Painted in rich reds, greens, and blues patterned with gold, exquisite Goryeo Buddhist paintings survive in very small numbers. Scholars have identified fewer than 160 examples worldwide. Still shrouded in mystery, this genre of Korean religious icon seems to date almost exclusively to around the fourteenth century.
The Goryeo dynasty (pronounced Ko-ree-o, the root of Korea’s modern moniker) lasted from 918 to 1392 and is considered a golden age of artistic and cultural development. The Buddhist images created at the time reflect the strength of the Pure Land tradition, which promises believers rebirth in paradise. The works feature specific buddhas and bodhisattvas who help followers achieve this goal. Through centuries of warfare and loss, most of the paintings left the Korean Peninsula. They now survive in large part in Japanese temple collections.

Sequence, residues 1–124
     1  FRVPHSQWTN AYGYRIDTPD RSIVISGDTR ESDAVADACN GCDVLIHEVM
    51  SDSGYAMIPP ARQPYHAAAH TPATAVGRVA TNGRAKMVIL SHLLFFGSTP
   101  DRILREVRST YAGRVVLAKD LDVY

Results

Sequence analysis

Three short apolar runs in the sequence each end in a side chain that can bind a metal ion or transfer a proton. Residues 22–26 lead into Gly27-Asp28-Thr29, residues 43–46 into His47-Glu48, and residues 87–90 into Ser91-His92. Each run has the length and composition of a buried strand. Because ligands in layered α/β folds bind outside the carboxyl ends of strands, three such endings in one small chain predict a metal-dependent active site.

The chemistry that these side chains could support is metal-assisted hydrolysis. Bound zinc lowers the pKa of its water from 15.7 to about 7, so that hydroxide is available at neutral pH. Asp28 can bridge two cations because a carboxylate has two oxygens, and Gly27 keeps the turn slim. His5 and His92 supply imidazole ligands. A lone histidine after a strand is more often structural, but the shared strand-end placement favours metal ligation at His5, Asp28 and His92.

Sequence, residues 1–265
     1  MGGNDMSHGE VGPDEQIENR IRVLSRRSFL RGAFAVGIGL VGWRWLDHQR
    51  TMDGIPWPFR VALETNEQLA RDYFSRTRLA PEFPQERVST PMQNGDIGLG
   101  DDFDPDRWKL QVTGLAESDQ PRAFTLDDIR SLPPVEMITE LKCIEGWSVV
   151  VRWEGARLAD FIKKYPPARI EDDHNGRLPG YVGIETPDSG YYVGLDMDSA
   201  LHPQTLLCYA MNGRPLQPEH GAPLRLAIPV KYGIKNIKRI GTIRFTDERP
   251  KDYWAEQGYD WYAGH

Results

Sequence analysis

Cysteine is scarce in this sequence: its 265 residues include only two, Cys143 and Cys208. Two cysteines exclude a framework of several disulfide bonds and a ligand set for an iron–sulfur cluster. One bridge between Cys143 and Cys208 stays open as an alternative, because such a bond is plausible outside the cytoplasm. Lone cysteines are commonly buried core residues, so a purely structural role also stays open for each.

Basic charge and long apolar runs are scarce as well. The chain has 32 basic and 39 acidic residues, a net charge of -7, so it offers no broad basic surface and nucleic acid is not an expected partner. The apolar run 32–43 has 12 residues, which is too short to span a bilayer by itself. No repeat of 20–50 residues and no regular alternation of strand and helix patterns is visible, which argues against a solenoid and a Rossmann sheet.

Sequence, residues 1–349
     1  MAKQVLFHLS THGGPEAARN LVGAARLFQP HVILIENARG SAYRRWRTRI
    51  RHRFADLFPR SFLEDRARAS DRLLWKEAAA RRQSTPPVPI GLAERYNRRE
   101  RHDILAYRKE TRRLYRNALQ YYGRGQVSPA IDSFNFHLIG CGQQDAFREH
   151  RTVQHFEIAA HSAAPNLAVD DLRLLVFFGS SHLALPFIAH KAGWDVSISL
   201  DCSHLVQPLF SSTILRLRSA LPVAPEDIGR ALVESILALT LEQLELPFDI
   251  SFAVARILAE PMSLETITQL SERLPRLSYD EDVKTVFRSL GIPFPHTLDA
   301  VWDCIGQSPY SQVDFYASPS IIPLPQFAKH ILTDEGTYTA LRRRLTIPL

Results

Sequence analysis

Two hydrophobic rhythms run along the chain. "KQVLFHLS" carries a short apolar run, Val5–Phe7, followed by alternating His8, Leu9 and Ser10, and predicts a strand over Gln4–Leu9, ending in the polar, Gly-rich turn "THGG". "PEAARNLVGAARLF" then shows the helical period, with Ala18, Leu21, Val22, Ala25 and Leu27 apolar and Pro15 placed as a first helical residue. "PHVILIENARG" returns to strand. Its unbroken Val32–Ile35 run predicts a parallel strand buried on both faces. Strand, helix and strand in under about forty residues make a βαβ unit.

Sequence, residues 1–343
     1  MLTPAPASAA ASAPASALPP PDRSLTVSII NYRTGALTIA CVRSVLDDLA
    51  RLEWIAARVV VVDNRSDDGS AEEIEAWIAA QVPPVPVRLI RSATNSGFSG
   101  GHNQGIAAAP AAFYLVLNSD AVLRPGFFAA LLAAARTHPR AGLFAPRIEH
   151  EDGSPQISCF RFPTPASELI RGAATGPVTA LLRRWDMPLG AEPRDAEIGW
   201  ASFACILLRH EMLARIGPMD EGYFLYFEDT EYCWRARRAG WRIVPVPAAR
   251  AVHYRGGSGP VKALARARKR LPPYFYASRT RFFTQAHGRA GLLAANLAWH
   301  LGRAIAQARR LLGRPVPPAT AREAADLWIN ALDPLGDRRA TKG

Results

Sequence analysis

The tradition has only re-emerged from obscurity in the past few decades as researchers have begun to identify specific visual characteristics that unite the works. These features include delicately painted garments, saturated mineral pigments accented with gold, and illusionary effects such as transparency. Although these similarities are now well-documented, there is still much to discover about the paintings’ artistic methods and cultural context.
Scholars and specialists who work to unravel the mysteries of these paintings will visit the Freer|Sackler in March for our symposium Goryeo Buddhist Painting: A Closer Look. Celebrating a new digital catalogue that features sixteen Goryeo Buddhist paintings in US museums, the event will introduce new research into the works’ historical, religious, and geographic contexts. English-language versions of all papers will be provided at the symposium, as presentations will be given in Japanese, Korean, or English.
Discover more art objects from the Goryeo dynasty in our collection, and zoom in to see the delicate details of Goryeo Buddhist paintings.